While all signs pointed to an unusual qualifying session, it was no less of a shock to see Lance Stroll end up on pole in Turkey on Saturday.
“Did that just happen?”
That was my immediate reaction on seeing Lance Stroll qualify fastest of all 20 Formula 1 drivers at Istanbul Park. Lance Stroll. Not Lewis Hamilton. Not Valtteri Bottas. Not Max Verstappen. Not Charles Leclerc. Not even Daniel Ricciardo or his Racing Point teammate Sergio Perez. Lance-freaking-Stroll.
As all five long-time readers of this column will know, I’m not the biggest Lance Stroll fan. While over the course of this season I had started to accept that he wasn’t completely undeserving of his spot in F1, I still considered him one of the weaker drivers on the grid. Now, I don’t know what to think.
Say what you will about Red Bull getting failing to get the timing right with Max Verstappen’s tyres. Say what you will about the season-long qualifying head-to-head between Stroll and Perez (8-2 prior to this weekend), but it’s impossible to deny the impressiveness of the Canadian’s performance on Saturday.
In what were impossibly-low levels of grip, Stroll was as at-home as anyone. He had the pace, and he kept his nerve. You can’t ask for more than that, and it’s no easy feat, which is why of the approximately 775 drivers to have ever raced in the sport, only 101 have ever taken pole position – no matter what else happens in his career, Lance Stroll is now deservingly one of them.
As crazy as Saturday was, Sunday might be even better yet. It seems Mercedes simply can’t get the tyres to work around here, and that means even if the Racing Points slip back in the race, it’s an outcome that is very wide open.
While Daniel Ricciardo is as doing an outstanding job representing Australia in F1, I certainly can’t say the same for Michael Masi. Starting Q2 with a recovery crane and marshals still on track is simply unacceptable, especially given the incident with marshals two weeks ago at Imola.
A special tip-of-the-cap to Sebastian Vettel, who out-qualified Charles Leclerc for the first time in 11 races. The old dog’s still got some life in him yet.
Sunday race strategy preview, courtesy of Pirelli
This is one of the hardest races to predict a strategy for, owing to a number of different factors. First and foremost, track conditions. This asphalt is extremely new and slippery, with rapid evolution, but how much grip it will ultimately offer remains unknown. The weather makes those calculations considerably harder, with very cool track temperatures and rain today, while tomorrow’s conditions are still uncertain. Finally, there’s not much difference between a two-stopper and one-stopper.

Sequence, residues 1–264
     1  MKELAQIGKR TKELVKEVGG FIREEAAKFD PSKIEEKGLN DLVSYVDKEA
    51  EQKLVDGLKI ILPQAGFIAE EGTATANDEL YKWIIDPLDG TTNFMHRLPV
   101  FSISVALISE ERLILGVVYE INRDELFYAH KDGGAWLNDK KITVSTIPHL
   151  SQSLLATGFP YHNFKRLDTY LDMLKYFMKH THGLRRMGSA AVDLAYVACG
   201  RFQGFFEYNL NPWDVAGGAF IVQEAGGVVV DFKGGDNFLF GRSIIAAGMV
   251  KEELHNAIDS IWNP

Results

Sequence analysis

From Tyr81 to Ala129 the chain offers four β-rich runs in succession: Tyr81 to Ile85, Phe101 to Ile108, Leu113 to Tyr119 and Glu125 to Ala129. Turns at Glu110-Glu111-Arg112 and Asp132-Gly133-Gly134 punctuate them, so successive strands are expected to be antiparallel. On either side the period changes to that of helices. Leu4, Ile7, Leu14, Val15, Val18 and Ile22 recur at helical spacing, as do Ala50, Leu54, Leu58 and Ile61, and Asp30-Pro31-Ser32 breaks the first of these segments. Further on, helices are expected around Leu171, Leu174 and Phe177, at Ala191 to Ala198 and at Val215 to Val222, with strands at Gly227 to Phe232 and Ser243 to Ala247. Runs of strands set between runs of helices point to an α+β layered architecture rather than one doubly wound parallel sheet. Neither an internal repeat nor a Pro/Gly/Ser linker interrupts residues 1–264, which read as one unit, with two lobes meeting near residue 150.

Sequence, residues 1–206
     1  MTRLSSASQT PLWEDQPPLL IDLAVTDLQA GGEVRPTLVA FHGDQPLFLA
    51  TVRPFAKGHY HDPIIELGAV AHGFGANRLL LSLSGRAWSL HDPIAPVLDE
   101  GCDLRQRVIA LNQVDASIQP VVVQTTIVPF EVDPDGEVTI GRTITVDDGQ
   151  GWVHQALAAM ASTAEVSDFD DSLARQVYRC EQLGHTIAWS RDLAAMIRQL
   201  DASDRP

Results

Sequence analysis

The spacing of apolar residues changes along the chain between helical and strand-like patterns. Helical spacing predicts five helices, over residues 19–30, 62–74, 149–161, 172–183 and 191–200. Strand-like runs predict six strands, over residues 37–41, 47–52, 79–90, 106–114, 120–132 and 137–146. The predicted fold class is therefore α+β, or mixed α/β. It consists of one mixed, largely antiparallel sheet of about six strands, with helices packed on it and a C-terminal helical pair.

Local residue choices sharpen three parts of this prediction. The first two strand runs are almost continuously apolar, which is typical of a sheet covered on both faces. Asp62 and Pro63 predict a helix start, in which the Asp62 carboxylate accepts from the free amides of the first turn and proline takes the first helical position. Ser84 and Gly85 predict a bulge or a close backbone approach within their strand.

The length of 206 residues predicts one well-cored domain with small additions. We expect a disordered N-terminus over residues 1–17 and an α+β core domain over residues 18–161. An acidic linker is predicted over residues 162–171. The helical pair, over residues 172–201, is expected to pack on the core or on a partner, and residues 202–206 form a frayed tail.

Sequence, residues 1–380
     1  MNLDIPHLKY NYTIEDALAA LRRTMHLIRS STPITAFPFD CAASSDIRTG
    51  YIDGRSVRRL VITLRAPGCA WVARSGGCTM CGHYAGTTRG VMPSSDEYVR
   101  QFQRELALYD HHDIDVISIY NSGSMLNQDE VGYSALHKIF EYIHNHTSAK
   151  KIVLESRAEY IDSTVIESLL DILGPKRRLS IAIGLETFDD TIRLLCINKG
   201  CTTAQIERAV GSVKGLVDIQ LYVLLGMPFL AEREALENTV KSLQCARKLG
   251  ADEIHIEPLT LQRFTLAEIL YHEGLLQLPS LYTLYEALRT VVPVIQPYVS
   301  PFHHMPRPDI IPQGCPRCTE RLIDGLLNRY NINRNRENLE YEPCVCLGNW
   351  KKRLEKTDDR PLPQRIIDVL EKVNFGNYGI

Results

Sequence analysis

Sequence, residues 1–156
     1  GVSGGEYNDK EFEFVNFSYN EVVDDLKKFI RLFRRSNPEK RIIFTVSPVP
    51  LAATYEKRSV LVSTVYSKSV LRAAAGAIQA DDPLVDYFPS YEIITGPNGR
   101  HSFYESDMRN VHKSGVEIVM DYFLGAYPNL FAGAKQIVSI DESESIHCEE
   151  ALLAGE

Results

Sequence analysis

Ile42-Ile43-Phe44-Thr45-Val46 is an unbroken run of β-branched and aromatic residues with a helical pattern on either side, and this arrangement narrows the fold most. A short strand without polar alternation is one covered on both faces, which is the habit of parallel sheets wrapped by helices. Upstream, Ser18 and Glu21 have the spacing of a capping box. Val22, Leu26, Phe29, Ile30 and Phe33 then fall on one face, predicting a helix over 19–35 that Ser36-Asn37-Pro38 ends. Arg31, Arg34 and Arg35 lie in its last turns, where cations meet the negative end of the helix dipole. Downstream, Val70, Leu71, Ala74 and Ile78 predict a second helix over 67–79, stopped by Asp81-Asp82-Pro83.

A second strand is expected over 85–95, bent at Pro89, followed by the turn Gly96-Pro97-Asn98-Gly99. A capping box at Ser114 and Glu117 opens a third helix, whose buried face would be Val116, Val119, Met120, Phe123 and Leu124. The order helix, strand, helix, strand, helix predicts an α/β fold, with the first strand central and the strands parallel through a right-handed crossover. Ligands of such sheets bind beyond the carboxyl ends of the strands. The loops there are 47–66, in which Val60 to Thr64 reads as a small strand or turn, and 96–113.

On paper, a two-stopper is quicker – but teams always prefer a one-stopper, especially if they can somehow manage to do it on the two softer compounds this weekend. Right now, that seems almost impossible if graining on the soft stays the same as it’s been so far, but some teams might still try it. Alternatively, they might still go for a one-stopper using the White hard compound, if they can get it to work. All that obviously depends on what tomorrow’s race conditions will look like, so there are plenty of question marks.
In theory, a two-stopper is quickest: with two stints of 16 laps on the Red soft plus a Yellow medium stint of 26 laps (perhaps as the middle stint). Another way of doing it, if there’s graining on the soft, is just one 14-lap stint on the red tyre with two 22-lap stints on the medium.
If it’s warm enough to switch on the hard compound, the teams could try a one-stopper with 30 laps on medium and 28 laps on hard. Alternatively, 20 laps on soft and 38 laps on hard.
Wet weather characterised today’s action at Istanbul Park, both in free practice and qualifying, causing a 45-minute delay with just over six minutes of Q1 remaining, followed by another red flag three minutes later. A mix of intermediate and full wet tyres were used throughout all three qualifying sessions, with pole set using the intermediate tyre on the final run of Q3.
This made an already slippery track even more challenging, allied to the cool track temperatures of just 12 degrees centigrade.
Red Bull’s Max Verstappen went quickest in every session so far this weekend (in both wet and dry conditions) apart from the crucial Q3 session, when Racing Point’s Lance Stroll dramatically took pole ahead of him.
As per the rules, the car set-up cannot now be changed even though tomorrow’s race conditions could be quite different.